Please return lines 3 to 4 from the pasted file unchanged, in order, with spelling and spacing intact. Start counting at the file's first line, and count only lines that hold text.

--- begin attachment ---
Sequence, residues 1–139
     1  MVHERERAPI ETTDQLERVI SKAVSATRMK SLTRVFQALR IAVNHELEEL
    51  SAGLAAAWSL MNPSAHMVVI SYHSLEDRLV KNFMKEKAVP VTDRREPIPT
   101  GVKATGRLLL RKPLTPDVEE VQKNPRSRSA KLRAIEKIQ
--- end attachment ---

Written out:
    51  SAGLAAAWSL MNPSAHMVVI SYHSLEDRLV KNFMKEKAVP VTDRREPIPT
   101  GVKATGRLLL RKPLTPDVEE VQKNPRSRSA KLRAIEKIQ